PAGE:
UniCredit SpA’s board may choose an internal candidate to replace Alessandro Profumo as chief executive officer, and create a general manager role to share duties, two people with knowledge of the matter said.
Roberto Nicastro and Federico Ghizzoni, two of the bank’s four deputy CEOs, are the leading candidates for the CEO job, said the people, who spoke on condition of anonymity because the selection process is private. Deputy CEO Paolo Fiorentino is also in the running for the top positions, the people said. A decision may be made at tomorrow’s board meeting in Warsaw.
Chairman Dieter Rampl, 63, is under pressure by Italy’s central bank to find a new CEO quickly and avoid a leadership vacuum. Choosing a successor from inside the Milan-based bank may assuage banking foundations, among the company’s largest investors, which also want a general manager who would focus on local issues, the people said. The new structure would bring UniCredit in line with Italy’s No. 2 and No. 3 banks.
“We see an internal appointment positively because UniCredit is a complex machine,” said Angelo Manca, a fund manager at Ockham Capital Partners in London who doesn’t hold the bank’s shares. “A hands-on internal candidate with support from the bank looks like the best choice.”
A UniCredit official declined to comment on the possible appointments.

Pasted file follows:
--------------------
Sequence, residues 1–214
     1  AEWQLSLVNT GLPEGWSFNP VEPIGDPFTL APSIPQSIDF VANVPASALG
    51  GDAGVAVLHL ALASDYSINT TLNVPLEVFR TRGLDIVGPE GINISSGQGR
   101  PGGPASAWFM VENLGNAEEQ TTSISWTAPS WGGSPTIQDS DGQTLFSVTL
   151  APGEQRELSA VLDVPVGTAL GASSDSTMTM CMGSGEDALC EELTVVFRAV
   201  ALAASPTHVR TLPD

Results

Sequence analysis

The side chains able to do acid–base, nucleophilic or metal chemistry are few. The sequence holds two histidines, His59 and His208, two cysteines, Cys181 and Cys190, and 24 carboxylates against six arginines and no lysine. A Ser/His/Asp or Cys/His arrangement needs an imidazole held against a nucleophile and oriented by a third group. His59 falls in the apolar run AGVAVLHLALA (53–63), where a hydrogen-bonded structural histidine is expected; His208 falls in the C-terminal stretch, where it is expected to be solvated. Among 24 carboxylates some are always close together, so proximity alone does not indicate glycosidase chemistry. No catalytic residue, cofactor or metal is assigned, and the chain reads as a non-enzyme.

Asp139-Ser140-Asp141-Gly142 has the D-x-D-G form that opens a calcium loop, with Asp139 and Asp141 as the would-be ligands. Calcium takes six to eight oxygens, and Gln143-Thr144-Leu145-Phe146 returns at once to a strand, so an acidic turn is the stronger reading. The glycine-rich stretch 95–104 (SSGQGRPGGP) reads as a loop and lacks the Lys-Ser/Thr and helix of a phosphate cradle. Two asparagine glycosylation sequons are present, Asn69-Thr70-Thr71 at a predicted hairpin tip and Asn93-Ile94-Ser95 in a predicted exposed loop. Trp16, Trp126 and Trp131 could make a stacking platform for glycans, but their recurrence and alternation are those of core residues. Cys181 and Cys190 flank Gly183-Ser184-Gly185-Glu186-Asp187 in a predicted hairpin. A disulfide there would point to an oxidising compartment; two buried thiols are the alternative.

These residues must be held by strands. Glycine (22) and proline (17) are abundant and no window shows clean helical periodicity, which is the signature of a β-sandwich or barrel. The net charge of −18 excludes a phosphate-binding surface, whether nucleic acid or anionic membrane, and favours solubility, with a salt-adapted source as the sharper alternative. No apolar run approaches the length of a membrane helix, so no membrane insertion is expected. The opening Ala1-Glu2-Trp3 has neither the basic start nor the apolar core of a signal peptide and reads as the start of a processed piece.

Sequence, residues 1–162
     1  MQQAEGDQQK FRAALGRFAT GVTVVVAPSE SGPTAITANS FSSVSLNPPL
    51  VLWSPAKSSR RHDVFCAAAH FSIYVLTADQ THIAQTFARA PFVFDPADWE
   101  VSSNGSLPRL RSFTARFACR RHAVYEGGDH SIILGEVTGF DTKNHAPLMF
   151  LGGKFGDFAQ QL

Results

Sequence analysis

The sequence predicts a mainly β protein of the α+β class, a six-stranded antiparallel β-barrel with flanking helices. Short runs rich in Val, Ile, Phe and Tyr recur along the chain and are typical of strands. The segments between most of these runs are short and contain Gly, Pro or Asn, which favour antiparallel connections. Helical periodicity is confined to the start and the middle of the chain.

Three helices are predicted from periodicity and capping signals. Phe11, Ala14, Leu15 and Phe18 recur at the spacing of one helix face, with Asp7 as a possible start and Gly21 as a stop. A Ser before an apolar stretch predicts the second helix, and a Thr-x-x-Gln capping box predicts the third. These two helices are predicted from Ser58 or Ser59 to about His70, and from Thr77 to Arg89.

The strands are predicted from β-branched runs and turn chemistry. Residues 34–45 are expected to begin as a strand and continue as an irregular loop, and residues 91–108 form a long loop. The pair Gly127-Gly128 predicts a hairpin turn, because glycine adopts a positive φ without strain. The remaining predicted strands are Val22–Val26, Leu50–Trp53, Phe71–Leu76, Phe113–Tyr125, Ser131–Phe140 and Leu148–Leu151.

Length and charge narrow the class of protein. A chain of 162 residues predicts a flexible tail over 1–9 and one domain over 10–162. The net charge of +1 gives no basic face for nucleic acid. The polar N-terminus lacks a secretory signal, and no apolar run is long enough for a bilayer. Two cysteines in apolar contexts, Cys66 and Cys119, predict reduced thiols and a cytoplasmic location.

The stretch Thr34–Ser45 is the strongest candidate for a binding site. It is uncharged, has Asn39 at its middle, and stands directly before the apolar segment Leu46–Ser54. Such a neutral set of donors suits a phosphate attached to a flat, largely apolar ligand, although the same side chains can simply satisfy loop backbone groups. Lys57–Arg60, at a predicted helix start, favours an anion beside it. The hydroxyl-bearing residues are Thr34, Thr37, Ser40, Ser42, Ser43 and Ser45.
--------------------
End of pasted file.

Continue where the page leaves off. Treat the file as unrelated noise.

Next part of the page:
Nicastro and Ghizzoni, and the two other deputy CEOs, Fiorentino and Sergio Ermotti, have been dubbed “Profumo’s boys” by the Italian media because the former CEO promoted them through the management ranks.
Nicastro, 45, who’s considered the top CEO candidate, according to the people, is a former McKinsey & Co. consultant, like Profumo, and joined Credito Italiano as head of planning in 1997. In August 2003, he was appointed head of the bank’s retail division and became one of the deputy CEOs in 2007.
Ghizzoni, 54, started his career at the bank in 1980 as a customer relations manager for a branch in the northern city of Piacenza. Over the next three decades, he ran UniCredit’s foreign businesses from London to Istanbul, became head of its Central Eastern Europe division in 2009 and was named a deputy CEO last month.
Creating the general manager’s position would be part of a corporate governance revamp and reduce the powers of the CEO. Dino De Poli, the chairman of Fondazione Cassamarca, which owns a 0.8 percent stake in UniCredit, supports the new position and favors an internal candidate because he would have greater knowledge of the bank.
‘Negative’ for Bank
“The creation of a general manager position is a maneuver by Italian banking foundations,” said Gianmaria Bergantino, who helps manage 200 million euros at Bank Insinger de Beaufort in Rome and doesn’t own UniCredit shares. “I would view the new position as negative for the bank because it could slow down board decisions.”
Intesa SanPaolo SpA, Italy’s second-biggest bank, and Monte dei Paschi di Siena SpA, the third-largest, already have general managers, who focus on daily operations.
Relations between Profumo and some of the foundations, which own more than 11 percent of the bank, soured in the last two years after he went to investors twice to boost capital. The tension increased after Libyan investors raised their holdings, ultimately forcing Profumo to quit at a Sept. 21 board meeting.